Design and analysis of distributed detection networks with uncertainties

E. Drakopoulos*, Chung Chieh Lee

*Corresponding author for this work

Research output: Chapter in Book/Report/Conference proceedingConference contribution


A distributed detection network is an acyclic directed graph with detectors as nodes. Each detector has the ability to process input data consisting of external observations and decisions from preceding detectors, to produce a decision regarding an underlying binary hypothesis-testing problem. The local observations are assumed conditionally independent, given either hypothesis. Each local detector has an unknown probability of being jammed or defective and an unknown probability of providing an incorrect decision if it is jammed or defective. The resulting binary hypothesis-testing problem is solved using concepts of Dempster-Shafer theory. Each detector employs Dempster's combining rule to aggregate its input informtion for a decision. Each detector employs a likelihood ratio test, and the thresholds can be expressed as a function of the local performance characteristics and the uncertainty discount rates. The proposed decision rule has very robust behavior, and with few expectations it significantly outperforms the minimax decision rule and the decision rule that is optimum when there are no jammed or defective detectors.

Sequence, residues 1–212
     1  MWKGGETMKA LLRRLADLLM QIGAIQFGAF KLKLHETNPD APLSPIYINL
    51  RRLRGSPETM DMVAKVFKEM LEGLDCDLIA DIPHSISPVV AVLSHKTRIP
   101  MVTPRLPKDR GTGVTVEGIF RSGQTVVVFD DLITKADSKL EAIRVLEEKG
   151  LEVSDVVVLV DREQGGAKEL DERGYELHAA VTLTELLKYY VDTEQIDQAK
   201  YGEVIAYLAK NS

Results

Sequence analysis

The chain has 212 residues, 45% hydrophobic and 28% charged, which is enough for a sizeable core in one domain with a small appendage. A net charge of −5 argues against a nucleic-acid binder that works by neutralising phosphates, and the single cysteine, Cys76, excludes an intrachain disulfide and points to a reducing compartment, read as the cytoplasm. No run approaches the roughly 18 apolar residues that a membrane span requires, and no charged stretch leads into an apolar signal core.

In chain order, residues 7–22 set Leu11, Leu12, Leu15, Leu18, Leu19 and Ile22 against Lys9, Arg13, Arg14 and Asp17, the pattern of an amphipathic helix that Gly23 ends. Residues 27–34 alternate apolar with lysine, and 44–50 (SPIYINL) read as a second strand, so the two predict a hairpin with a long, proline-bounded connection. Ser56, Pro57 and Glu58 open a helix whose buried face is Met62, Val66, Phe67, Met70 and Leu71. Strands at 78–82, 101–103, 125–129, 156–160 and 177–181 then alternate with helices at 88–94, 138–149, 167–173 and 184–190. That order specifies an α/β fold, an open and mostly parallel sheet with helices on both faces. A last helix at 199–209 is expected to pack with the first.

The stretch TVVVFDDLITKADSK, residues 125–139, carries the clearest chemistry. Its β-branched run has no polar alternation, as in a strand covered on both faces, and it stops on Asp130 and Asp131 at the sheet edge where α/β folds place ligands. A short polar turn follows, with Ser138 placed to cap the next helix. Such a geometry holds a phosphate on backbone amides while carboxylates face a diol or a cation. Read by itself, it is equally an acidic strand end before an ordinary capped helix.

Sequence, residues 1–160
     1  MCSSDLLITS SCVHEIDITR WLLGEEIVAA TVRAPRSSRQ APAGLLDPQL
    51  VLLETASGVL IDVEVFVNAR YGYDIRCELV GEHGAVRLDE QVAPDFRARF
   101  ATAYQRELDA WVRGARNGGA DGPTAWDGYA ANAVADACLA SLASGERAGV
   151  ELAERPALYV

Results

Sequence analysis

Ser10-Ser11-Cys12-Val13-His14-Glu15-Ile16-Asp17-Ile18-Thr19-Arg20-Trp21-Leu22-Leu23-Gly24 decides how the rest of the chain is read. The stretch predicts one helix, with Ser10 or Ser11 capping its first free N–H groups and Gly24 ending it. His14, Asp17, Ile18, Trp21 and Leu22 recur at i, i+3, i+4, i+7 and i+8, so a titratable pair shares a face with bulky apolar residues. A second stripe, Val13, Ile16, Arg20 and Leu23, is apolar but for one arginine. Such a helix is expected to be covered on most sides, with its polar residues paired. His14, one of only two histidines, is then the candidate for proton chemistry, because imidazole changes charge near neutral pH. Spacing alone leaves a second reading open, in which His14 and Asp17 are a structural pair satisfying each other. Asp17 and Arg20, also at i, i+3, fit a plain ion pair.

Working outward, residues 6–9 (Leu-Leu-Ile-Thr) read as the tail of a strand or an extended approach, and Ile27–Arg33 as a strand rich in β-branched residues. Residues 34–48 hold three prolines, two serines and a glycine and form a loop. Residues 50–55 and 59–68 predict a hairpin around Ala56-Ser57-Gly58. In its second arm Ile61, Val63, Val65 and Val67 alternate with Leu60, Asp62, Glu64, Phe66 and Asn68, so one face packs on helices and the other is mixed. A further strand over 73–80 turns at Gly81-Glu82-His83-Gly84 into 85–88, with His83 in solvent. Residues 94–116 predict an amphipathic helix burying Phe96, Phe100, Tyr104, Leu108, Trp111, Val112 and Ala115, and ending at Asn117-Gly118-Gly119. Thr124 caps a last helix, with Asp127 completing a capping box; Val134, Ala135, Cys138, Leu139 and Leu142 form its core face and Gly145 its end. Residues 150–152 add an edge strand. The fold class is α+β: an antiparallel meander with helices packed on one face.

Original languageEnglish (US)
Title of host publicationProc 1989 Am Control Conf
PublisherPubl by IEEE
Number of pages6
StatePublished - Dec 1 1989
EventProceedings of the 1989 American Control Conference - Pittsburgh, PA, USA
Duration: Jun 21 1989Jun 23 1989


OtherProceedings of the 1989 American Control Conference
CityPittsburgh, PA, USA

ASJC Scopus subject areas

  • Engineering(all)


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